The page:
Petrichor is a pleasant word for a pleasant thing: the earthy aroma of rain on soil. The term was coined in a 1964 Nature article by Australian scientist Richard Thomas, who had studied the phenomenon for years. He derived the word from Ancient Greek petra, meaning "rock", and ichor, which was the mythological blood of the gods (the idea was that petrichor is the "essence" of stone, like ichor is the essence of the gods). Before the Nature article, people just referred to petrichor as "argillaceous odour". It was also previously described in Uttar Pradesh, India, as matti ka attar, or "earth perfume", which I think is a way cooler name. Both petra and ichor are of unknown, possibly Pre-Greek origin. Usage of the term peaked in 1975, decreased until 1995, and has been repopularized since.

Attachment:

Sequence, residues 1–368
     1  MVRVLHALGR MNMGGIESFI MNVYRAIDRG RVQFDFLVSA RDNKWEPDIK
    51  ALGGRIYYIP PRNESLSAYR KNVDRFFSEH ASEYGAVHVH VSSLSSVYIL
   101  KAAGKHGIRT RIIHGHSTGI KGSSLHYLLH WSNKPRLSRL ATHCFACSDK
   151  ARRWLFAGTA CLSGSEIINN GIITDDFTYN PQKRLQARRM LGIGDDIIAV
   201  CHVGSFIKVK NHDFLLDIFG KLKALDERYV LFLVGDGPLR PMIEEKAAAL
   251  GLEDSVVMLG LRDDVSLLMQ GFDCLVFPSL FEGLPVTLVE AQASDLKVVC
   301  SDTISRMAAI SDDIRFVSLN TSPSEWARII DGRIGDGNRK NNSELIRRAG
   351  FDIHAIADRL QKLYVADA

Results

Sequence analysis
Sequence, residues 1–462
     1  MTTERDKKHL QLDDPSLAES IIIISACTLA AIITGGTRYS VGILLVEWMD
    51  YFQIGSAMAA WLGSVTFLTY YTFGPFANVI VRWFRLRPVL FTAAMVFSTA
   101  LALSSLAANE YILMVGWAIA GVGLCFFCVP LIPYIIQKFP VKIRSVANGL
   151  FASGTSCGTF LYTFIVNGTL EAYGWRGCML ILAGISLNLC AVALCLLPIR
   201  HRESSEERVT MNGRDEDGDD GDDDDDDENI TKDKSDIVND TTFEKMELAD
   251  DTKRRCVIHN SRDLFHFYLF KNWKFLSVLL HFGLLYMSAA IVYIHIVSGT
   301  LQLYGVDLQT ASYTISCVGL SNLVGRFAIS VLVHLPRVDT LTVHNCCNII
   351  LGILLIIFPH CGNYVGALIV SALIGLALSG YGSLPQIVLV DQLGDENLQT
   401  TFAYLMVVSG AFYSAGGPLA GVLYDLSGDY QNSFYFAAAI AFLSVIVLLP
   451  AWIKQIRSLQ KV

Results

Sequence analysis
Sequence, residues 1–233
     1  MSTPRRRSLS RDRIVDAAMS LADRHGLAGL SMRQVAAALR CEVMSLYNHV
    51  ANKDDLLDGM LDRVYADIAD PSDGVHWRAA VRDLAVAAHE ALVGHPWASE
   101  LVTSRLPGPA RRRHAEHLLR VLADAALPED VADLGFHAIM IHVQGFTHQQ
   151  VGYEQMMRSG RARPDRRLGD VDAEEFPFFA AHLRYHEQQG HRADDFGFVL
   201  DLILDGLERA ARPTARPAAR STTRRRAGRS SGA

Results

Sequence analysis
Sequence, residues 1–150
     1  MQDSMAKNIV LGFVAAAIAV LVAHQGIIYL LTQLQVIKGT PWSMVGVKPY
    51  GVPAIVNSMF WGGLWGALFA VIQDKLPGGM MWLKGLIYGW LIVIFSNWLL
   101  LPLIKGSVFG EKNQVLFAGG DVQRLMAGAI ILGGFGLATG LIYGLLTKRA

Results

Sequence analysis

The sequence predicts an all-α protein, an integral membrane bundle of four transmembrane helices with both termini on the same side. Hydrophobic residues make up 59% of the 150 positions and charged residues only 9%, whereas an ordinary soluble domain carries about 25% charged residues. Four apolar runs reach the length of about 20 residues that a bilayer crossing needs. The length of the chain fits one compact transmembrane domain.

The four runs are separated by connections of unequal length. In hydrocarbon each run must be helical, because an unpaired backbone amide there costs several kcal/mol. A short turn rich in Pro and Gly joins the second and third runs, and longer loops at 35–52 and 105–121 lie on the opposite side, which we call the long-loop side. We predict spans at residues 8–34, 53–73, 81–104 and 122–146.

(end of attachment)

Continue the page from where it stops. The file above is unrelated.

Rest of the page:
Hello! I'm Adam Aleksic, a senior studying government and linguistics at Harvard University, where I co-founded the Harvard Undergraduate Linguistics Society. In addition to etymology, I also really enjoy trivia, politics, vexillology, geography, board games, conlanging, art history, and law.